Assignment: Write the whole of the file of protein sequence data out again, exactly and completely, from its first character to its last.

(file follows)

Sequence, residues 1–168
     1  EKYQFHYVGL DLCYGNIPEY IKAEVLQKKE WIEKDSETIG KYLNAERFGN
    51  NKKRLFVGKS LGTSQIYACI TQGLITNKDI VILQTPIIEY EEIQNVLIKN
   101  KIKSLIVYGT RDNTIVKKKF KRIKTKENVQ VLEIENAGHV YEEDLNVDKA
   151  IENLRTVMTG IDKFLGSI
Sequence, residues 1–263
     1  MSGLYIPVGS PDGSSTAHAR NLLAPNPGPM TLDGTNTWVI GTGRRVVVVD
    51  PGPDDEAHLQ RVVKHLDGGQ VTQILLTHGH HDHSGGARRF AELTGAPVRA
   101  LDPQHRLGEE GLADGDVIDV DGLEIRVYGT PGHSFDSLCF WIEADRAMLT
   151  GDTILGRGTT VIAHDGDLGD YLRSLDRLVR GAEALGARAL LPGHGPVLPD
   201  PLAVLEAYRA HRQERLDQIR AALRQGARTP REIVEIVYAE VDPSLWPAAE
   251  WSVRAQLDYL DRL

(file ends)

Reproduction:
Sequence, residues 1–168
     1  EKYQFHYVGL DLCYGNIPEY IKAEVLQKKE WIEKDSETIG KYLNAERFGN
    51  NKKRLFVGKS LGTSQIYACI TQGLITNKDI VILQTPIIEY EEIQNVLIKN
   101  KIKSLIVYGT RDNTIVKKKF KRIKTKENVQ VLEIENAGHV YEEDLNVDKA
   151  IENLRTVMTG IDKFLGSI
Sequence, residues 1–263
     1  MSGLYIPVGS PDGSSTAHAR NLLAPNPGPM TLDGTNTWVI GTGRRVVVVD
    51  PGPDDEAHLQ RVVKHLDGGQ VTQILLTHGH HDHSGGARRF AELTGAPVRA
   101  LDPQHRLGEE GLADGDVIDV DGLEIRVYGT PGHSFDSLCF WIEADRAMLT
   151  GDTILGRGTT VIAHDGDLGD YLRSLDRLVR GAEALGARAL LPGHGPVLPD
   201  PLAVLEAYRA HRQERLDQIR AALRQGARTP REIVEIVYAE VDPSLWPAAE
   251  WSVRAQLDYL DRL